“The Impossible Planet” is a joyous piece of writing. The idea of being caught by a black hole was a premise set up in a similar vein by the aptly titled Disney film “The Black Hole”, however the focus on this story is less on the collapsed star above, but what’s going on below. Rather than simply become a “monster vs human” affair, “The Impossible Planet” rapidly changes direction from science fiction to mythological horror. This movement from one genre to the other is seamless. The “Ood”, a willing slave race, provide the obligatory monster to keep the tension up, but the real monster is the devil in the pit. The scene in which Tobey the archeologist is “infected” by the devil is probably the scariest moment in Doctor Who. What makes it even more impressive is it relies on nothing but the actor and the production crew to create the suspense. No effects, no monsters. It’s just good acting, direction and a deft piece of editing.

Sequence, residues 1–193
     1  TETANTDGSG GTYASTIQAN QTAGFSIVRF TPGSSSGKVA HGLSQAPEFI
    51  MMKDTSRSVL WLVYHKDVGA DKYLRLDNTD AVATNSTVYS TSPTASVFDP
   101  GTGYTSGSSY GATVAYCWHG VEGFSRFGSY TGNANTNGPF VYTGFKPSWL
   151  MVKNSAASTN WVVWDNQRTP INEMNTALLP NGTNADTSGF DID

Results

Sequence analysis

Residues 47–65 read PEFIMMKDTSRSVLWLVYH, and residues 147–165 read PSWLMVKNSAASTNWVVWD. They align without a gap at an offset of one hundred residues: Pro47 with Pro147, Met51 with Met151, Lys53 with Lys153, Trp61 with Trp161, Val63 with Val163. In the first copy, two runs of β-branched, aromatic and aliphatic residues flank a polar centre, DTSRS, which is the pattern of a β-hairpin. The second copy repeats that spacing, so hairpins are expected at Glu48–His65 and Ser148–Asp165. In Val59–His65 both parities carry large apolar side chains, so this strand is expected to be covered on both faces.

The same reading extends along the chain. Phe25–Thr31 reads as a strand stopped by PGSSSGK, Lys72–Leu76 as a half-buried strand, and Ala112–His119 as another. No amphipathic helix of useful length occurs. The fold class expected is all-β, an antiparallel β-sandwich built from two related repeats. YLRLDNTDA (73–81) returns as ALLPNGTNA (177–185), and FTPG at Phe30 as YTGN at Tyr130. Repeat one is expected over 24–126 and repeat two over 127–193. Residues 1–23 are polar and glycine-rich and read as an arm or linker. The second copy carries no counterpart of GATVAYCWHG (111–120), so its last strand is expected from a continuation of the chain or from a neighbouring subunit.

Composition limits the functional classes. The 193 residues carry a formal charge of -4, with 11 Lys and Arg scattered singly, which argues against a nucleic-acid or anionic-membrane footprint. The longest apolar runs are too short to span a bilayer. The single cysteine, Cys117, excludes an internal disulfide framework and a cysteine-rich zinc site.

The climax to “The Impossible Pit” is one of the best ones of the New Series. As with “Aliens Of London” it’s a multi cliff-hanger, which really does build the tension to impossible levels. It’s only weakness is the resolution is wrapped up rather fast and a little too neatly in “The Satan Pit”

“The Satan Pit” doesn’t start off as strong as “The Impossible Planet” ended, but it makes up for any such weakness by the final act. This episode is Doctor Who at it’s best. We have tension, we action, we have drama. The New Series Doctor Who knows when to lay off the comedy and British eccentricities and there is little of either in “The Satan Pit”. What we do have is a wonderful fusion of drama and character scenes. While Rose has the drama and action, the Doctor has the character moments and the two arcs compliment themselves beautifully.